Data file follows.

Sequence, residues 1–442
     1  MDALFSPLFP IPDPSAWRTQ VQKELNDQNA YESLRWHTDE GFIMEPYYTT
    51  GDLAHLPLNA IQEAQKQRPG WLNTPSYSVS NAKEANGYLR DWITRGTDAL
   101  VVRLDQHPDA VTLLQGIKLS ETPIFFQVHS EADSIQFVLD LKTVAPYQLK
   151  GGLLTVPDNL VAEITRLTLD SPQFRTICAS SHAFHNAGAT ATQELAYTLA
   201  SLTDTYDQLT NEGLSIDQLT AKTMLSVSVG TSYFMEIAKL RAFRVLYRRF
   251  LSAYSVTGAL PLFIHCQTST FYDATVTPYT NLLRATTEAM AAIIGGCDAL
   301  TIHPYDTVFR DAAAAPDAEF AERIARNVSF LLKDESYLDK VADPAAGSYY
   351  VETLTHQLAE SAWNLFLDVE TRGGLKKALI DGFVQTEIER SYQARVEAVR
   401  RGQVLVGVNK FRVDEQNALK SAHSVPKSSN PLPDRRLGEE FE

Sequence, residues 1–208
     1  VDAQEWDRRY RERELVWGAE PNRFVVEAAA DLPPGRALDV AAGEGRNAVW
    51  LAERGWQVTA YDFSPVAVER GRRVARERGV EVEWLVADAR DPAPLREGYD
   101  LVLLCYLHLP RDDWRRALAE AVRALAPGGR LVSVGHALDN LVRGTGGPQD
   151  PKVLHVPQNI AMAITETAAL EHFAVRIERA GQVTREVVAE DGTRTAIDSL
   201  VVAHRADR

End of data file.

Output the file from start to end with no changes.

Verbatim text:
Sequence, residues 1–442
     1  MDALFSPLFP IPDPSAWRTQ VQKELNDQNA YESLRWHTDE GFIMEPYYTT
    51  GDLAHLPLNA IQEAQKQRPG WLNTPSYSVS NAKEANGYLR DWITRGTDAL
   101  VVRLDQHPDA VTLLQGIKLS ETPIFFQVHS EADSIQFVLD LKTVAPYQLK
   151  GGLLTVPDNL VAEITRLTLD SPQFRTICAS SHAFHNAGAT ATQELAYTLA
   201  SLTDTYDQLT NEGLSIDQLT AKTMLSVSVG TSYFMEIAKL RAFRVLYRRF
   251  LSAYSVTGAL PLFIHCQTST FYDATVTPYT NLLRATTEAM AAIIGGCDAL
   301  TIHPYDTVFR DAAAAPDAEF AERIARNVSF LLKDESYLDK VADPAAGSYY
   351  VETLTHQLAE SAWNLFLDVE TRGGLKKALI DGFVQTEIER SYQARVEAVR
   401  RGQVLVGVNK FRVDEQNALK SAHSVPKSSN PLPDRRLGEE FE

Sequence, residues 1–208
     1  VDAQEWDRRY RERELVWGAE PNRFVVEAAA DLPPGRALDV AAGEGRNAVW
    51  LAERGWQVTA YDFSPVAVER GRRVARERGV EVEWLVADAR DPAPLREGYD
   101  LVLLCYLHLP RDDWRRALAE AVRALAPGGR LVSVGHALDN LVRGTGGPQD
   151  PKVLHVPQNI AMAITETAAL EHFAVRIERA GQVTREVVAE DGTRTAIDSL
   201  VVAHRADR